Being raised hard line 1960’s Catholicism, homosexuality was abhorrent. And had no place in his family. Gays, Queers, Niggers and Wops were just some of the words my father used on an every day basis. He was an equal opportunity offender. I had a best friend in sixth grade who’s family originated in South East Asia. Hence, they had dark skin.
One day I invited my friend over to visit after school. And my father almost had a heart attack. He opened with, what is that nigger doing in my house? He has dark skin, what if the neighbors see him here? What will they think?
That was just one example. That friend never set foot in our house ever again. All my friendships ever more happened away from home, in other people’s homes, not my own.
The first time my step mother introduced gay men into our lives, my father’s verbal abuse and physical abuse only got worse. He was so jealous that as a young man, I gravitated to those men, because they spoke to me kindly and shared stories with me and treated me like a human being. Where my father wouldn’t deign to even speak to those men, but he had to tolerate them sitting at my step mother’s dining room table. She would not allow him to spout his vitriol at the table.
I was schooled in all things gay by real gay men. My father would abuse me terribly after each dinner party to make sure he would “beat the gay” out of me. But once again, I offer this: If gay is so abhorrent, then why did you have gay reading material in plain view in the communal bathroom for everyone else to see?
And remember my mother swore a blood oath to him that said that she had to always side with him and never defend her children on any front. My father preached the social gospel for the entire time I lived at home.
I never shared my sexual orientation with anyone. Ever. When I was able, and dutifully unprepared for going out into the world, I packed up my life and moved to Orlando. I was too young, Too Green, and Totally unprepared to go into the world.
I was a raging alcoholic at 21. I moved into a high end apartment complex just outside the Tragic Queendom. I had no street smarts, nor did I know the value of a dollar, how to use that dollar and pay bills and rent and car payments. Because what other money would I have to drink with???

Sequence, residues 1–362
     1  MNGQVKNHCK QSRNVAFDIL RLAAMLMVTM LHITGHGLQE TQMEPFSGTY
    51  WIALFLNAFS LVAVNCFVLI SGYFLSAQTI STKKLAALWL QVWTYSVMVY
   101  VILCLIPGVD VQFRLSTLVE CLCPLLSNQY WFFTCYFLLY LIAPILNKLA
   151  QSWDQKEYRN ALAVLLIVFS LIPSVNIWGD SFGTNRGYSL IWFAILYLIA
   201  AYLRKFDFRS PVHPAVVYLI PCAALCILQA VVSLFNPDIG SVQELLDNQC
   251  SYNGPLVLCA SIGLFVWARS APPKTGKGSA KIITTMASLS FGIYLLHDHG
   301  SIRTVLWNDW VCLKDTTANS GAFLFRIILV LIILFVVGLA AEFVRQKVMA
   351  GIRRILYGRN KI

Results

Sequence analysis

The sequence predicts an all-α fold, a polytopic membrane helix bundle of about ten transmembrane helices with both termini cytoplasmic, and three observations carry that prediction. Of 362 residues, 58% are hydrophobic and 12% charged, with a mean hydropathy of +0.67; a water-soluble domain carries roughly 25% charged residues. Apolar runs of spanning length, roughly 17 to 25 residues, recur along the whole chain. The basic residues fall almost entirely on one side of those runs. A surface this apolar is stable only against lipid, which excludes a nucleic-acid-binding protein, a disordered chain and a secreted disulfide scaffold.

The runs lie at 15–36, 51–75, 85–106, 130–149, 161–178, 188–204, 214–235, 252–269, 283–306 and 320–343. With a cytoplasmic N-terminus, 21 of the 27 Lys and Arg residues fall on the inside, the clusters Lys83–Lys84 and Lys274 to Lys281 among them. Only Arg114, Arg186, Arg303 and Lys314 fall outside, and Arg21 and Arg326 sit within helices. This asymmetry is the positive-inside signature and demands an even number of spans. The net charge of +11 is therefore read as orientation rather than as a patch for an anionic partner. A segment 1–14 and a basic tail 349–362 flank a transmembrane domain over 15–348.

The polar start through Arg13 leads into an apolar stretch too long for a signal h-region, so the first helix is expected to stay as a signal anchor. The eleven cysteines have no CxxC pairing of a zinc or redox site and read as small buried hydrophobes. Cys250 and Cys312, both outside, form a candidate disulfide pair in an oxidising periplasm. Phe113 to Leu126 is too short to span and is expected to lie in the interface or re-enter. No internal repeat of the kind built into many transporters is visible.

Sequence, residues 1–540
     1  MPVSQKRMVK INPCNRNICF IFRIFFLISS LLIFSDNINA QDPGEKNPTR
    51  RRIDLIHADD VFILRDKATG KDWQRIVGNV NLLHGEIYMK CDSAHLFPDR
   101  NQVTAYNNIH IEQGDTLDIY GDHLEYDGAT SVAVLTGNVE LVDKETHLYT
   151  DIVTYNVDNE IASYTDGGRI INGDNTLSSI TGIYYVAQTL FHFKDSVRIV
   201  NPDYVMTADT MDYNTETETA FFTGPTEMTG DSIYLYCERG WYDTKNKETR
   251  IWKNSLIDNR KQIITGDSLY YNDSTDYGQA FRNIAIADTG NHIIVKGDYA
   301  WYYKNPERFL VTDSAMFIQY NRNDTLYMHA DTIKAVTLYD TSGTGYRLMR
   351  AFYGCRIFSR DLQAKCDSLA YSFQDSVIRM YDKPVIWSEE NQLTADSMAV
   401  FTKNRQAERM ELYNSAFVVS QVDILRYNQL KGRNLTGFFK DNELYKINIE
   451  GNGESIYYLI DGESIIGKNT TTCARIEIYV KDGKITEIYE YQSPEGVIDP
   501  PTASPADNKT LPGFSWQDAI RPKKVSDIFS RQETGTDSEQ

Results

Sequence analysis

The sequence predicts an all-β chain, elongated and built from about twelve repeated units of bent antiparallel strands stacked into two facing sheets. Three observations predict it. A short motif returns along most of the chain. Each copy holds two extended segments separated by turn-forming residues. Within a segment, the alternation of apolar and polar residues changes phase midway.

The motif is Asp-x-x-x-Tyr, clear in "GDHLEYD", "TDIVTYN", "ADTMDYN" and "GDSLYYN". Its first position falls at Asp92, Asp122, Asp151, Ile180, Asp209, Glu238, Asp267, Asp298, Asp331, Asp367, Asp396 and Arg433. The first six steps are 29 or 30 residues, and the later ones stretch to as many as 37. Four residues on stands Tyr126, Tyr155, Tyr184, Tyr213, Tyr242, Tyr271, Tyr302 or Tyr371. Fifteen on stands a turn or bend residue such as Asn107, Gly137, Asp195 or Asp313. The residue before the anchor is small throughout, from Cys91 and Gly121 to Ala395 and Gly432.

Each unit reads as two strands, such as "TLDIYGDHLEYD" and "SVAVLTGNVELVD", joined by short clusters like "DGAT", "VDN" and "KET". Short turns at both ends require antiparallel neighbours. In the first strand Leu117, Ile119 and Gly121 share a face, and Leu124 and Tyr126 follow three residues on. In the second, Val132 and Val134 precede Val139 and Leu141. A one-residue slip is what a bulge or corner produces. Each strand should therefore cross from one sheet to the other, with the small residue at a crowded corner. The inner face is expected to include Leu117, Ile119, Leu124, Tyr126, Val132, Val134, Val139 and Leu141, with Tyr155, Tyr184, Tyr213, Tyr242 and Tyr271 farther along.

I had made exploratory forays into the community prior to moving so I knew gay people in advance.
And I was warmly welcomed into the community by a good friend who initiated me into the club. And I was off and running. All Good Boys come out at the Parliament House on Orange Blossom Trail. I did that. The Communards sang:
Never Can Say Goodbye … Patrick danced with me, and he was my first kiss.
What do you get when you mix the Tragic Queendom, alcohol and a band of boys fresh off the farm in a world of sex, drag queens, drugs and party time all the time?
I was a young boy, with cheek of tan. I was pretty. And I knew it. And that played in my favor for a long time. I could drink with the best. I had several room mates living in several apartments during those years. Boys were a dime a dozen, and seducing straight boys was a competition.
I was a sexually active young man. I won’t deny that. Everybody was having sex. This was Pre-AIDS. We never heard that word ever, until it started killing our friends. But like any naive young boy, we thought we were invincible and untouchable.
We never discussed AIDS among us. But when the first and second and third drag queen we knew died, it started to become reality. It did not impact me, nor would it for some time to come.
The one relationship that I had, that meant anything to me during that time was with a seasonal hire at the Tragic Queendom. His name was Charlie. I really cared about him. We got along famously. We slept together. The game was (Blender or Bottle). We would call one or the other and it was a one word question, Blender or Bottle.
That was code for – we are going to drink – and have sex.
Sex and alcohol was intertwined when I was a boy. It is our greatest asset. And for some a terrible weapon. It was difficult having honest relationships then. Because no man was off limits, even better if you were dating that man. Because if another boy could steal your boyfriend and sleep with him, that was a BIG score. Sex was an all out competition. That life did not last long.
I tried to marry out of that community. Meet a man, get involved and settle down. And I honestly tried that. But it never panned out.